Ice – Rain – Mud and Muck in Those Learning Years

I can hardly wait until we get the new pastures fenced off... and the truckloads of rock brought in.

I can hardly wait until we get the new pastures fenced off… and the truckloads of rock brought in.

This winter season has been everything I had imagined for this ‘ temporary ‘ set-up we prepared – for getting us through until we construct the other pasture areas.  However ( and as I feared ) – it seems Dwayne did not absorb those same visions – nor anything coming close.

Patty and Artist having breakfast, during Artist's very first experience with snow.

Patty and Artist having breakfast, during Artist’s very first experience with snow.

And I remind him – The first years are the learning years.

Dwayne has his ag experience fenced within more of the mechanical spectrum.  I’m the one that took time in the ‘ Land of Hooves and Hide. ‘  And mud.

To this day – I cringe every time I see one of those advertisements for mud facials.

They bring back the face of a particular steer with a creepy-crawly shiver – like the one most normal girls feel when they see Chucky the Doll peep around a corner in the movie.

I can still see that beast slowly turning his head back to me with a look on his face just mocking with, “ What’s YOUR problem? “ – never bothering to come back and rescue me from my face-flop into the mud after it sucked my feet out of my waders.

Glass half-full... Free Fertilizer.

Glass half-full… Free Fertilizer.

We’re dealing with the mud.  We’re hanging in there.  Although – I do have to admit it is not quite as bad as what we’ve seen other folks facing.

And I have to say – I am amazed by how patient and amicable every one of our wonderful Irish Dexters have behaved.  It’s awesome.  It’s like having smart puppies.

In reality - Artist playing with his nose ring.  He's very proud of his talents.

In reality – Artist playing with his nose ring. He’s very proud of his talents.

Just big puppies.  Really big.  And really furry – right now.  Which means they’re really dirty – right now.  We don’t give baths in winter.  We let them decide whether – or not – they wanna step out into the cold rains for a bath.

But we do brush everybody but the 2 Cows when we get a chance.  Both are still refusing to allow anyone to touch them.

Patty and Cora were used to having only trees for shelter before they came here.  Patty now shares a temporary shelter with Artist.  Cora comes into the barn alley with Bruce.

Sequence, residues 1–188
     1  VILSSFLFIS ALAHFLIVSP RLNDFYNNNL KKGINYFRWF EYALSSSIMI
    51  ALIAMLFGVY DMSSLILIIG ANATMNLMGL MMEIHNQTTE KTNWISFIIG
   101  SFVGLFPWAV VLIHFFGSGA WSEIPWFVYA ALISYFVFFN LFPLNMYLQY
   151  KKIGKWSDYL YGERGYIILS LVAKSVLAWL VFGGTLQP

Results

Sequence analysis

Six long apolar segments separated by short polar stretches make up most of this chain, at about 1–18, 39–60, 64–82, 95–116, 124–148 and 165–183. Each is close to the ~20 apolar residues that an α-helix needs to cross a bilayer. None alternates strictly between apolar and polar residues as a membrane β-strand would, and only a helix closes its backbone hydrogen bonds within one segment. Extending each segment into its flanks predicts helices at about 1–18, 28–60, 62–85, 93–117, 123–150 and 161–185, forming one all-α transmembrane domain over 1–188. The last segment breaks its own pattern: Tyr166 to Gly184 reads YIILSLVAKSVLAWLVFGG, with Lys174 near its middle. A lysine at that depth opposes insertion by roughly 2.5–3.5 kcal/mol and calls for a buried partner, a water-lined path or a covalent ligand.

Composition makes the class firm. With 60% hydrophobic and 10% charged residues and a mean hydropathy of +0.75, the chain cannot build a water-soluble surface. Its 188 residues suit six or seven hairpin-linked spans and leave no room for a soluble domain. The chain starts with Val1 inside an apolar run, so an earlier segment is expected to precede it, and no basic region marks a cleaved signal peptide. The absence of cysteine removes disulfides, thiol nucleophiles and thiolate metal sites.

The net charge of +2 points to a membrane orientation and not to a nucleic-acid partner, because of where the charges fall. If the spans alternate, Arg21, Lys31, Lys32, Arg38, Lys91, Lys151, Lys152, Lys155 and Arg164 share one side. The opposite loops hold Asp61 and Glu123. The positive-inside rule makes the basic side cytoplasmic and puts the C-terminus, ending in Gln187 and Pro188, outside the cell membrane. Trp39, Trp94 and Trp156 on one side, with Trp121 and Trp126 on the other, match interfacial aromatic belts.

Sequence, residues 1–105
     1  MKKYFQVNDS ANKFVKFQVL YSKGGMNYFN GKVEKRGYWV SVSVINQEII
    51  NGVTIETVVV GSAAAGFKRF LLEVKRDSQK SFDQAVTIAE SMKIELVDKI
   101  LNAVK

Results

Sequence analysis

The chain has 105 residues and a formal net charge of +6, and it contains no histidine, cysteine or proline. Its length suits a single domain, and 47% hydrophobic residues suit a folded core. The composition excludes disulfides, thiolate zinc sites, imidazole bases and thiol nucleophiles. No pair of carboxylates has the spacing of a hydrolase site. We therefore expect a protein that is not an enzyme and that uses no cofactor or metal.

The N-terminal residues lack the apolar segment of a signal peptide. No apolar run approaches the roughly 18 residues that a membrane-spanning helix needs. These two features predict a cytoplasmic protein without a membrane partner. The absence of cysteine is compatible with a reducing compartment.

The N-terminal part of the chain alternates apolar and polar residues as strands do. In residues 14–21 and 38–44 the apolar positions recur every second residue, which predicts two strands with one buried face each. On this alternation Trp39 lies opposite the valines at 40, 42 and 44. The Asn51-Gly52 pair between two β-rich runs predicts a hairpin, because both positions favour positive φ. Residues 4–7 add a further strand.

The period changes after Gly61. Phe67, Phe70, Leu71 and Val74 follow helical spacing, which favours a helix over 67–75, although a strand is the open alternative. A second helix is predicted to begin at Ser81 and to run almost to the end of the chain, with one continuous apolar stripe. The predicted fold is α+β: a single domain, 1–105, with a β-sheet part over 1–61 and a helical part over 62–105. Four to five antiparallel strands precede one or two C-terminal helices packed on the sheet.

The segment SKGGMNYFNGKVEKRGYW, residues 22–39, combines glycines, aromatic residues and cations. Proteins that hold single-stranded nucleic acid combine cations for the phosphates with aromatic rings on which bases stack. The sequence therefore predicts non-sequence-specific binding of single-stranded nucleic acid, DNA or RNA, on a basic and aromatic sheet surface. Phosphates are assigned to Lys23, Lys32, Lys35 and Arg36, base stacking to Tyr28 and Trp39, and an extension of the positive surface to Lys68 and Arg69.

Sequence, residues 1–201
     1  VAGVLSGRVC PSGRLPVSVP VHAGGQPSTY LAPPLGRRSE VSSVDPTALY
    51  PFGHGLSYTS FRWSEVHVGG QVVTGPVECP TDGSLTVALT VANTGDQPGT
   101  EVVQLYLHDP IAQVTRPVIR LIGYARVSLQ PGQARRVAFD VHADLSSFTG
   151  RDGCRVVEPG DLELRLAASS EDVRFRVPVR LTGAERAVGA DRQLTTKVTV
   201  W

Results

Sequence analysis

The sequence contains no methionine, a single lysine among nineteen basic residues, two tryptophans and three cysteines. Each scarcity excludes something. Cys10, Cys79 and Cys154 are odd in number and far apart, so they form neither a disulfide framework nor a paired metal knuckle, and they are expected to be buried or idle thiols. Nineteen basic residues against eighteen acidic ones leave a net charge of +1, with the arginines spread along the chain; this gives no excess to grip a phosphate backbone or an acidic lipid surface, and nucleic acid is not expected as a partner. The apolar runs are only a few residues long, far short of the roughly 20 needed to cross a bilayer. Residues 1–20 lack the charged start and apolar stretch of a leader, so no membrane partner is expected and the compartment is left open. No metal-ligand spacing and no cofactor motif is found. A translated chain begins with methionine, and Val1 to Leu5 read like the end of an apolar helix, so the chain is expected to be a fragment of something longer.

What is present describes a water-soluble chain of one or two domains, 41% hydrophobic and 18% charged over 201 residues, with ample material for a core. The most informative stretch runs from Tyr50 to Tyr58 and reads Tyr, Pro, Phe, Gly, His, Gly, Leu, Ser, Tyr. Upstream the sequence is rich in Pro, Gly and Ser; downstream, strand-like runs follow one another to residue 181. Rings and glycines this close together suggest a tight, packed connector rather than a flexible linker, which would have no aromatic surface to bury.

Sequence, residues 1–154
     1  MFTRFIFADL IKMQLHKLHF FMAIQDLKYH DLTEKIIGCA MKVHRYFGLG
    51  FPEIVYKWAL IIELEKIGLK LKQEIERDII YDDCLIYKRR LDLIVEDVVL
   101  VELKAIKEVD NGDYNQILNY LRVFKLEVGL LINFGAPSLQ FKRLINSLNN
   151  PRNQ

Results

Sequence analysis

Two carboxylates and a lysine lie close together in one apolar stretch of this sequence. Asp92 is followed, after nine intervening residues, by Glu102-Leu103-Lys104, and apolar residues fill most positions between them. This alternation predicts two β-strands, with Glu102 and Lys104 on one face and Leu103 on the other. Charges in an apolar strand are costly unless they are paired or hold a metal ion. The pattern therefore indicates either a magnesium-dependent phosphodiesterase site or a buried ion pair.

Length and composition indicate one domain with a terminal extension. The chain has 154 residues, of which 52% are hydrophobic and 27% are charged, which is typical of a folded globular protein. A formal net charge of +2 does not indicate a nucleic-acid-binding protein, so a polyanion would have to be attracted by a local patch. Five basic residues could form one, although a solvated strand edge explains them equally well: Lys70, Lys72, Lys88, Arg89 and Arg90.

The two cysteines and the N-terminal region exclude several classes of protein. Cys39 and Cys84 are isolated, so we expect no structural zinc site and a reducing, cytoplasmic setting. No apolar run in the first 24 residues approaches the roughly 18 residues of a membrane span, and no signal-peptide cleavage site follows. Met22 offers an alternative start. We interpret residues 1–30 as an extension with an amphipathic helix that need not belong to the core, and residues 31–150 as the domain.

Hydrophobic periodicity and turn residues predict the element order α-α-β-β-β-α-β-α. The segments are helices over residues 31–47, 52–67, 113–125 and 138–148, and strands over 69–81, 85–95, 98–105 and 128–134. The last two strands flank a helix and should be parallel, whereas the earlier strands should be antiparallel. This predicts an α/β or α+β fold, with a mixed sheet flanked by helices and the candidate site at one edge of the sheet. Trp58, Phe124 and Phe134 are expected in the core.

Bruce and Artist never had issues with the tin roof.  However – they were born inside a barn with a tin roof.  And if you have never been inside one when a storm comes through – the noise can be unreal.  But you get used to it.

Already – I knew that getting used to coming inside a constructed shelter would be one more issue for the 2 Cows.  And the noise above them from the storms would be butting up with that issue – which would only need time.  The one thing I was not sure of – my husband.

The manure piles come – but they spread wide rather than high – whenever a cow gets nervous. And I just wasn’t so sure he was aware of the mess that would be created – until the Cows acclimated themselves.

We began buying bags of Alfalfa cubes.  Everybody around here knows them as, ‘Cookies.’  And they’re a treat that also provides a wonderful loose stool aide called – Fiber!  But don’t tell the cows.  Because – they are just having way too much fun with ‘em!

God bless Alfalfa.

Using these cubes for training and a few other reasons is a true sanity saver.  Well – until you deal with a bag of really – really – compressed alfalfa.  But then – if you ever need to shed some vicious frustration – just grab a hammer and some tough alfalfa cubes.  And if they break down into total loose alfalfa – rather than ¼” pieces – just throw the loose stuff into their next feeding!

Trust me.

We’ve had days where we’ve had to leave our Littles in the 2 stalls – while the Bigs got to choose in or out whenever they wanted – unless we had freezing winds blowing into the barn.  Dwayne and I carry one of the 35 gallon water troughs inside the barn and close Cora and Bruce inside the barn.

Cora on 1-21-2013.  She's due around 4-23-2013 with her second calf.

Cora on 1-21-2013. She’s due around 4-23-2013 with her second calf.

Up until yesterday evening – there have been times when tricks have had to be played – just to get Cora into the barn whenever it’s been necessary to close the door for the night.  I’ve even had to sneak through the gate to get to the barn door – and hope she had wandered to the far end of the alley.

But I multi-tasked situations here – times 2 – at our house over this last round of days off.

My husband received a phone call from Texas this past Wednesday – informing him that his father had passed away.

We had an ice storm coming within hours.  We were out of hay – and had just returned home from where we’d found the source to purchase after making arrangements to pick up before the storm.  The relationship between Dwayne and his father has been estranged – for years now.  He decided not to go to the funeral.  He did not want to take any chances with me having Spondylolisthesis.  There is no way I could go after hay – much less – get it loaded up in the hay loft by myself.

We have no help here.

But when it is your father – grief comes.  There’s just no way to avoid that.  For one reason or the other – you’re going to meet that moment when the dam breaks.  And it did – Friday afternoon – just as we were putting on our waders and coats to go out and prep for evening feeding.